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The New Zealand Railways Magazine, Volume 15, Issue 2 (May 1, 1940.)

Increased Use of Railcars

Increased Use of Railcars.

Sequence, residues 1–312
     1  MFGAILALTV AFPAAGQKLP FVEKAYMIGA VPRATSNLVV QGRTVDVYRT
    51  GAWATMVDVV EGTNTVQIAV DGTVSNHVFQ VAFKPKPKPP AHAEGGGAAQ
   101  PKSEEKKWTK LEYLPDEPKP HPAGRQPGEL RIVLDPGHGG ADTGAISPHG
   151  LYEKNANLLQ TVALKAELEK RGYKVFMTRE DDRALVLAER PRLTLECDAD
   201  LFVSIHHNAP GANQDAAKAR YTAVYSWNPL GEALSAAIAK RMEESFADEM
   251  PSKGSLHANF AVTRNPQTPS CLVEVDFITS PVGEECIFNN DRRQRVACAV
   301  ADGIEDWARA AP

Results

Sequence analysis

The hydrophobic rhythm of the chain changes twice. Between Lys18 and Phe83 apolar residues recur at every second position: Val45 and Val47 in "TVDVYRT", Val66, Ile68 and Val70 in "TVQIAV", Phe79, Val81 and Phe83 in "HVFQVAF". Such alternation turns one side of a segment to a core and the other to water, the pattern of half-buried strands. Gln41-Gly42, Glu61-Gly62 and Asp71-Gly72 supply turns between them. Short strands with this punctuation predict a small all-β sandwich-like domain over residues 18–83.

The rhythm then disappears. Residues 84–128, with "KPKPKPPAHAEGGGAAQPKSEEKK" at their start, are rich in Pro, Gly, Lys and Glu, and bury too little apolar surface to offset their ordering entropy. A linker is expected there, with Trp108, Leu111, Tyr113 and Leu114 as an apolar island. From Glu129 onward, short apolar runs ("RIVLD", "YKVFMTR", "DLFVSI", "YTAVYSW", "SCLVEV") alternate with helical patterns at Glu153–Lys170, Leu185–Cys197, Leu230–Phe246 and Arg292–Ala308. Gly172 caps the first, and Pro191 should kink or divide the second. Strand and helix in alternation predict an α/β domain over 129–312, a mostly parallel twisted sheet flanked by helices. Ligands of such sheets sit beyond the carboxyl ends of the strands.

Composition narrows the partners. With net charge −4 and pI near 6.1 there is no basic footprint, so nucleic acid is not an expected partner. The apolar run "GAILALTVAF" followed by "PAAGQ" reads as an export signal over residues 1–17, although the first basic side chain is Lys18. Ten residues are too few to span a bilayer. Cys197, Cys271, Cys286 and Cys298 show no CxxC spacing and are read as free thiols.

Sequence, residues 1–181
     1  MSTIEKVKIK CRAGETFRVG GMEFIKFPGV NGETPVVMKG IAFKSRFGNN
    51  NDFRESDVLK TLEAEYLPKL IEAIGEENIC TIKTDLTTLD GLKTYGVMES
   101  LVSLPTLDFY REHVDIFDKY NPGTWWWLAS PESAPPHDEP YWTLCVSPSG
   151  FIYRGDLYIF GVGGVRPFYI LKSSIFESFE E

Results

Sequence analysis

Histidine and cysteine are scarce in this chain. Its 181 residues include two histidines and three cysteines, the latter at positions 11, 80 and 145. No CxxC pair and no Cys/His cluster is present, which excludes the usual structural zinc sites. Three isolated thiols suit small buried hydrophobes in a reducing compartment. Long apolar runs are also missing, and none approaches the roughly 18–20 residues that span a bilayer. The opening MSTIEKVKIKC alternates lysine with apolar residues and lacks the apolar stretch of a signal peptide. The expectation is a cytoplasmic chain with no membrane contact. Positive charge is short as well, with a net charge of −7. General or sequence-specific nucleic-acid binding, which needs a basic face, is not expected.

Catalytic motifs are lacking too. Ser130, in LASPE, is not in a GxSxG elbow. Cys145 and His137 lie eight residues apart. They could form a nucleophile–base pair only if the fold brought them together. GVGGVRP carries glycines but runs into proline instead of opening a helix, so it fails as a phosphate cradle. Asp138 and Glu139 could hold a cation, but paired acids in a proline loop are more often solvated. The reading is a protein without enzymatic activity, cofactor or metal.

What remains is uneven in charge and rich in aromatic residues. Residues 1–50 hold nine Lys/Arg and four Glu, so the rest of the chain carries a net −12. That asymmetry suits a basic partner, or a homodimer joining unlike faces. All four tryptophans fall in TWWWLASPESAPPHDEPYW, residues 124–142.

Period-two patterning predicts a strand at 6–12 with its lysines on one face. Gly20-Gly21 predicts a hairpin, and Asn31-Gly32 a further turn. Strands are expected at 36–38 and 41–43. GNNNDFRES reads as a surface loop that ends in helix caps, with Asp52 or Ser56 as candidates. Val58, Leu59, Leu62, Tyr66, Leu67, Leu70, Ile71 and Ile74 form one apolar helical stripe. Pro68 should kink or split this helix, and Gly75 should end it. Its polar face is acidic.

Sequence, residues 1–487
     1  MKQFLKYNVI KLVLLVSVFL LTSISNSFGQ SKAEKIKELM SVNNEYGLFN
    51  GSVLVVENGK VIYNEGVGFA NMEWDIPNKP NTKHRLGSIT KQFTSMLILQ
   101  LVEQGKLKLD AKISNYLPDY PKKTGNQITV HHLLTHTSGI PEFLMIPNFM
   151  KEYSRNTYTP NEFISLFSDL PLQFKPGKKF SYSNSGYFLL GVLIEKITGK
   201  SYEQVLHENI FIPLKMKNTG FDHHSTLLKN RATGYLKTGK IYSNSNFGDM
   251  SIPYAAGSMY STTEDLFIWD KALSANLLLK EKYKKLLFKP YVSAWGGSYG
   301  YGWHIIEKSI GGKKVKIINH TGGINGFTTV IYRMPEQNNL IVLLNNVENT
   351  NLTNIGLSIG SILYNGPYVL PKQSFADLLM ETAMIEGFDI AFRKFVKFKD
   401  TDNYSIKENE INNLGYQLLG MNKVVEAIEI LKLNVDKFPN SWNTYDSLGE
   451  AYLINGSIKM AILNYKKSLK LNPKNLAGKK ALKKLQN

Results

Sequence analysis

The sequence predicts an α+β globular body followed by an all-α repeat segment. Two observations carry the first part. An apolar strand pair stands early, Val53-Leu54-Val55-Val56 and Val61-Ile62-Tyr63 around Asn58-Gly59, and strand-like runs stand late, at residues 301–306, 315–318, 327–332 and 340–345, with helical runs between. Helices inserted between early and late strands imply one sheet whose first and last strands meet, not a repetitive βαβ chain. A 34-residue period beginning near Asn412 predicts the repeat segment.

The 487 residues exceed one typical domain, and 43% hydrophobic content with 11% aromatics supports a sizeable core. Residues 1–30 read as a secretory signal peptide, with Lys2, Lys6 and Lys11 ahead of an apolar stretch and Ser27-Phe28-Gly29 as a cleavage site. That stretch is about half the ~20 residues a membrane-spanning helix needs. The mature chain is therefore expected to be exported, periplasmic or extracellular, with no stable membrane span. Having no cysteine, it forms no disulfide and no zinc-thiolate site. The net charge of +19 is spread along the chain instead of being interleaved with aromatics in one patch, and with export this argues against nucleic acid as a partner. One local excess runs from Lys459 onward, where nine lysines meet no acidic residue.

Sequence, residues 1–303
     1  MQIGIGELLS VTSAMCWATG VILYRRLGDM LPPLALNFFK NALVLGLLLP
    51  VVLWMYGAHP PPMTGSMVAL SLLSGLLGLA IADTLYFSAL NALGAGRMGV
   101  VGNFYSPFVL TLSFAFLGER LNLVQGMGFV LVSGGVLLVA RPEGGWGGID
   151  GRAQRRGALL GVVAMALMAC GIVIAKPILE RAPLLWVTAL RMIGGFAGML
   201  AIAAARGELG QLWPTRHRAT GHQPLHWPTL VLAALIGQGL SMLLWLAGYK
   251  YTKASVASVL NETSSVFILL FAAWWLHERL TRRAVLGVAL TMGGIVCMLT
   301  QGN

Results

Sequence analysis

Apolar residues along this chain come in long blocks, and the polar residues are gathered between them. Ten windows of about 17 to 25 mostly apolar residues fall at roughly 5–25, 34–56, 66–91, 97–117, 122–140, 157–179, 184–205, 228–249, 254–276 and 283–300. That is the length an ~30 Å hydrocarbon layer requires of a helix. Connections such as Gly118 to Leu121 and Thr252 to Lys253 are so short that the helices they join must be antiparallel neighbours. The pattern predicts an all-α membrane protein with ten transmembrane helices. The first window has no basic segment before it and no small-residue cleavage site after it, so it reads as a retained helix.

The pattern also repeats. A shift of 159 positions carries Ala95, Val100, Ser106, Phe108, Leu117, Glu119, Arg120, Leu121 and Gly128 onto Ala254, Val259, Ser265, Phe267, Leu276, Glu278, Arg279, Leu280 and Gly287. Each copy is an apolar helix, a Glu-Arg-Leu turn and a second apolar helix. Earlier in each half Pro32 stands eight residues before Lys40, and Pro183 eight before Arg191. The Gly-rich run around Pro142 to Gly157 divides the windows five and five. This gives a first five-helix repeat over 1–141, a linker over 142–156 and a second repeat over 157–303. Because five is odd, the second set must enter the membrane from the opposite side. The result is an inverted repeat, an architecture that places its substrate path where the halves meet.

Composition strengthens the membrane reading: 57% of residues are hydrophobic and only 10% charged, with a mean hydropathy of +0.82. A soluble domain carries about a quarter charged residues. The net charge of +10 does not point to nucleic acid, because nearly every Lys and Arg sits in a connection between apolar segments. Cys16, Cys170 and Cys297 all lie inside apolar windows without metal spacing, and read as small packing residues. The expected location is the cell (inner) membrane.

Railcar movement of passenger traffic is everywhere on the increase. In Britain we have railcars of many types in daily service, and on the Great Western system considerable use is made of Diesel units. Prior to the outbreak of war, the G.W. Company had 18 Diesel railcars in traffic, covering a route mileage of 747, in an area enclosed by Birmingham, Weymouth, London and Swansea. To-day, the first of a further 20 cars ordered some time ago is being introduced into service. The first G.W. car, working in the Reading-Slough district, was fitted with a single six-cylinder oil engine. It seats 69 passengers, and has a maximum speed of 60 m.p.h. July, 1934, saw the introduction of two express railcars between Birmingham and Cardiff. These have twin engines with a maximum speed of 75 m.p.h. Some 44 passengers are carried, and the cars include buffet accommodation. In 1935, three more cars similar to the first, but with twin engines, were introduced in Oxford and Worcestershire. In the following year, ten similar cars were acquired, nine for passengers and one for parcels movement. Of the two cars completing the original stock of 18, one—introduced in 1937—had a lower gear ratio and standard buffers and drawgear, enabling it to handle a trailing load of 60 tons. The new batch of twenty cars now being acquired embody in their design the experience gained from the running of the trailer-haulage unit. It is the intention to replace the cars at present in the Birmingham-Cardiff service by two twin-car Diesel sets with remote control, enabling one man to drive the two cars. Buffets of improved design will be incorporated, and there will be seating accommodation for 104 passengers. Maximum speed will be 70 m.p.h. Incidentally, these Birmingham-Cardiff vehicles pass en route through the famous Severn Tunnel, and to provide warning of their approach to the tunnel maintenance gangs the cars are fitted with four horns at each end.